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Mysterious ‘Jump Kick Man’ From Rittenhouse Trial Identified, Tried To Get Deal From Prosecutors

Kenosha County, WI – A jury found 18-year-old Kyle Rittenhouse not guilty of all of the charges against him on Friday afternoon, including a felony count of recklessly endangering the safety of the mysterious and unidentified “Jump Kick Man” who gave the teen a flying kick to the head.

Prosecutors claimed throughout Rittenhouse’s trial not to know the identity of the man they called “Jump Kick man,” and referred to him and others who attacked Rittenhouse as “heroes” for trying to stop an “active shooter.”

But Rittenhouse was facing a count of recklessly endangering the safety, use of a dangerous weapon for firing shots in the direction of the unidentified man who was caught on video kicking him in the head while he was on the ground, Insider reported.

That charge carried as possible sentence of up 12.5 years in prison, plus the possibility of an additional five years because of Rittenhouse’s “use of a dangerous weapon.”

If convicted, Rittenhouse could have been sentenced to as much as 17.5 years in prison on that charge alone, Insider reported.

Videos of the riot showed that as Rittenhouse ran from the mob after he shot Joseph Rosenbaum, Anthony Huber hit him in the head with a skateboard and knocked him to the ground, WISN reported.

That was when the videos showed the unidentified man gave Rittenhouse a flying kick to the head.

Rittenhouse testified that he feared for his life as “Jump Kick Man” came at him, Insider reported.

“As he’s running at me and jumping, as his boot is making contact with my face, I fired two shots at him,” the 18 year old told the jury. “I thought if I were to be knocked out, he would’ve stomped my face in if I didn’t fire.”

Videos showed that almost immediately after “Jump Kick Man” kicked Rittenhouse in the head, Huber hit the teen with his skateboard again, WISN reported.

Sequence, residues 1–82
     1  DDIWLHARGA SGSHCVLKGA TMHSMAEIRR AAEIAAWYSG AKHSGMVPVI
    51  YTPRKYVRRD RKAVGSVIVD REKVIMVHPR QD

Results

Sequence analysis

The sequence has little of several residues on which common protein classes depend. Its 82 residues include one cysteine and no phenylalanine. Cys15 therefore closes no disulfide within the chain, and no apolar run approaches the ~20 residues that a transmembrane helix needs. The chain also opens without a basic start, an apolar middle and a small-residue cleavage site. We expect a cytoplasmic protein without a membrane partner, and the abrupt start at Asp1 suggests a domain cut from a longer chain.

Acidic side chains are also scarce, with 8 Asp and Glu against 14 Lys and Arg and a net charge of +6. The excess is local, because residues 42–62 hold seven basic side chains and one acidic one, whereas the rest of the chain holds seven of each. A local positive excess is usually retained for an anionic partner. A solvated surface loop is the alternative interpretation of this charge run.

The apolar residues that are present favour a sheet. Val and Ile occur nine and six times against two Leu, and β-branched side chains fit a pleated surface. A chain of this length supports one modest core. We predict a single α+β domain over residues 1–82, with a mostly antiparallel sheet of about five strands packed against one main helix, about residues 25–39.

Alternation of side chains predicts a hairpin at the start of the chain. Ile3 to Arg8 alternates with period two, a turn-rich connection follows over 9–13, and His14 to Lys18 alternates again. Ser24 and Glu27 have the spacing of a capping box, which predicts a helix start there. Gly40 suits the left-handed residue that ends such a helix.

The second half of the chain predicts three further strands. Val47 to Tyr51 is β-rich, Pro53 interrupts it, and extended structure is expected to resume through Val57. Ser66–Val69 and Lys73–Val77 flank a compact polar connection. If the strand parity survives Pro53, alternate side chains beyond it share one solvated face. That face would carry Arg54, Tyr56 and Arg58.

Rittenhouse fired one round and killed Huber.

Next, videos showed that Gaige Grosskreutz initially approached Rittenhouse with his hands up, but then he pulled a gun out of his waistband, WISN reported.

Grosskreutz testified at trial on Nov. 10 that he pointed his gun at Rittenhouse before the teen shot him.

“When you were standing three to five feet from him with your arms up in the air, he never fired, right?” defense attorney Corey Chirafisi asked Grosskreutz, whom Rittenhouse shot in the right bicep.

“Correct,” Grosskreutz said.

“It wasn’t until you pointed your gun at him, advanced on him with your gun — now your hand is down pointed at him — that he fired, right?” Chirafisi asked.

“Correct,” Grosskreutz responded.

Throughout the entire trial, prosecutors referred to the “Jump Kick Man” but claimed they had not been able to identify the person Rittenhouse was charged with recklessly endangering.

Kenosha County Assistant District Attorney Thomas Binger even referred to “Jump Kick Man” as a heroic in his closing argument, Insider reported.

“That crowd was full of heroes,” Binger told the jury. “And that crowd did something that honestly I’m not sure I would’ve had the courage to do. If I see a guy running up the street with an AR-15 and I hear he just shot somebody, my first instinct is not to approach.”

“Anthony Huber was different. Jump Kick Man was different. Gaige Grosskreutz was different,” the prosecutor claimed. “That doesn’t make them a threat to the defendant’s life. It doesn’t make their lives worthless. They don’t give up their right to defend themselves.”

Binger told the jury that the unknown “Jump Kick Man” had a right to try and stop “an active shooter.”